Readers Against Indie-Publishing – The Wrong Battle Is Being Fought
Recently I’ve been following a discussion on the Amazon forums about how to avoid indie authors. When I saw the title, I frowned, and clicked into it to begin reading. Considering the title, negativity was expected, but it was pretty harsh at times.
It’s no secret that the indie scene isn’t regarded very highly in almost any medium. There are a lot differences when you look at the independent creations of art forms such as books, movies, painting and the like. In each scenario though, there is usually a higher body that the public looks to find the latest and greatest. In books of course, that is traditional publishing.
Back to the topic at hand though, the prejudice in the thread was quite apparent. Readers don’t want to sift through low quality books, and want a way to remove them from what they see. Low quality isn’t what was said though, they want indie books removed, and to only be able to see books from major publishers.
That’s such a shame…
Yet there’s also an argument that can definitely be made. However, it’s being pursued wrong. The answer isn’t to be able to remove all indie books from search results, but to change the KDP publishing standards. I think changing it as follows would be an effective approach for readers, Amazon, and independent authors alike.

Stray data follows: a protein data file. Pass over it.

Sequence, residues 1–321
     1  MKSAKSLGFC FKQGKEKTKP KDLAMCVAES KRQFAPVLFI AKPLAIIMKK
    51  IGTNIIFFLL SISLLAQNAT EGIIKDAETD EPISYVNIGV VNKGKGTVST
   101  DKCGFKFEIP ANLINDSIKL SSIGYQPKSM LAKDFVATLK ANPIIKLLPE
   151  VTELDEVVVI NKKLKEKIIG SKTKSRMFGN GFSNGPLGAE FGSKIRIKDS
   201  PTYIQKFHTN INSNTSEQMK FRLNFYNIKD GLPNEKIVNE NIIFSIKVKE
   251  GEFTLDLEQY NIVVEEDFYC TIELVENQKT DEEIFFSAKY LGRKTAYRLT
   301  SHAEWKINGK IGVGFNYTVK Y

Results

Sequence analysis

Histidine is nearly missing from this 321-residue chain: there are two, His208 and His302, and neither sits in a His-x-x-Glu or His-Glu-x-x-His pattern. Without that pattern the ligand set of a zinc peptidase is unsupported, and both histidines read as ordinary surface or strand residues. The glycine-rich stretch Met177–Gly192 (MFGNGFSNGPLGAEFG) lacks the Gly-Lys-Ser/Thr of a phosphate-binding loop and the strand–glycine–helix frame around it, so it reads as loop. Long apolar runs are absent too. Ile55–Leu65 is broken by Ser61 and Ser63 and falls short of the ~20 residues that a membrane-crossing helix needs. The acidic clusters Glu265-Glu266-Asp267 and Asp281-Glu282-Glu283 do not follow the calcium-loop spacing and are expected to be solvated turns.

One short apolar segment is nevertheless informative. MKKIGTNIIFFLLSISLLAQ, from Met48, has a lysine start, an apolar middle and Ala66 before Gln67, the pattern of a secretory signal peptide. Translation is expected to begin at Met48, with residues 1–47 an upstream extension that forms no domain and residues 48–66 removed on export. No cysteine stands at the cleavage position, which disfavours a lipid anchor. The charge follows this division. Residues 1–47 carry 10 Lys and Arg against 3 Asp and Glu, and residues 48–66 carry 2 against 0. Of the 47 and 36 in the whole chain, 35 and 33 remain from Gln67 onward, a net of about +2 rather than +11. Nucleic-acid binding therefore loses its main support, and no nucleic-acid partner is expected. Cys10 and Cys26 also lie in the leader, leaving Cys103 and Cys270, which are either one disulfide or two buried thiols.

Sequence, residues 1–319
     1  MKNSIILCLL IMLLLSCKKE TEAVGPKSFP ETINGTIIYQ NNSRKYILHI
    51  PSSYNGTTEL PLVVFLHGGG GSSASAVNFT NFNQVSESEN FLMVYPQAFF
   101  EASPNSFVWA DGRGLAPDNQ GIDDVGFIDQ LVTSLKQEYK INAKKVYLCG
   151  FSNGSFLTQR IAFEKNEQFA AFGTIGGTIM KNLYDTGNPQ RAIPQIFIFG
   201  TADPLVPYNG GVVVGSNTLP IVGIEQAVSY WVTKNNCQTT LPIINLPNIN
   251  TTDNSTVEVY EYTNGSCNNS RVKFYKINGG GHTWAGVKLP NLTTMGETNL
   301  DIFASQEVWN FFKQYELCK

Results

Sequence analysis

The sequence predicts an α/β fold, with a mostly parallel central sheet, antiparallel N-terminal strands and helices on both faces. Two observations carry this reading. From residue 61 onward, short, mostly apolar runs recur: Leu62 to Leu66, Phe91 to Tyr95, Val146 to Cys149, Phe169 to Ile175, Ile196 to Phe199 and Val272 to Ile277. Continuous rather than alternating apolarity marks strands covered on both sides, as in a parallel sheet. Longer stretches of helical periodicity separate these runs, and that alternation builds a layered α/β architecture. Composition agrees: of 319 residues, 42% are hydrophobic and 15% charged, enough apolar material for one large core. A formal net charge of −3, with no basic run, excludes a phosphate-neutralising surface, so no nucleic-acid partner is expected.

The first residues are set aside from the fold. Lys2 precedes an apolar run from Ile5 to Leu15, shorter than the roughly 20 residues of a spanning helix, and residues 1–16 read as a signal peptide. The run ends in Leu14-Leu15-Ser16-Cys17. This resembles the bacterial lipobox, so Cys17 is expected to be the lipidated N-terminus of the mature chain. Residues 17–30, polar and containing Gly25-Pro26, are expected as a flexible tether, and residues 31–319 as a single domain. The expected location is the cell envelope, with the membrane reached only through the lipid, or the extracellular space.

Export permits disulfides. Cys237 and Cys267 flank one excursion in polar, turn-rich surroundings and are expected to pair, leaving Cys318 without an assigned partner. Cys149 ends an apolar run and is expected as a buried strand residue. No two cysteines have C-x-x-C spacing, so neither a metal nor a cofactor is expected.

First, break the publishing into two categories. Free, or for sale. Books published in the free category would basically be published just like all books are published on Amazon right now. There would be no standards, and a special area of the Amazon eBook store dedicated to free titles. Those who are publishing something for a small group of friends or family, or authors who want to offer any of their books for free would be able to publish them there, using the current system.
The major change would come in when the publisher in question chooses to have the book for sale. At this point, you’d do everything just the same as now, only the book would not go up for sale shortly there after. Instead, it would go into a review process. At this point, people may start saying Amazon isn’t going to pay people to read books by independent authors, that there would be too much volume with everything added every day.
And that argument would be very valid.
However, there is a solution that could benefit all parties. Thanks to digital downloads, it’s no longer a hassle to create and send entertainment. No physical copies required, just a few mouse clicks and you have it. This is the point that should be uniting Amazon, readers, and independent authors. The review process would involve sending free copies of eBooks to well established reviewers and bloggers, or other beta readers. They check them out for quality, both in terms of story and proofreading. Each book is sent to more than one reviewer, and their reviews are gauged. Should the quality meet certain standards, in each area of criteria, not an overall score, then the book is then published for sale on Amazon.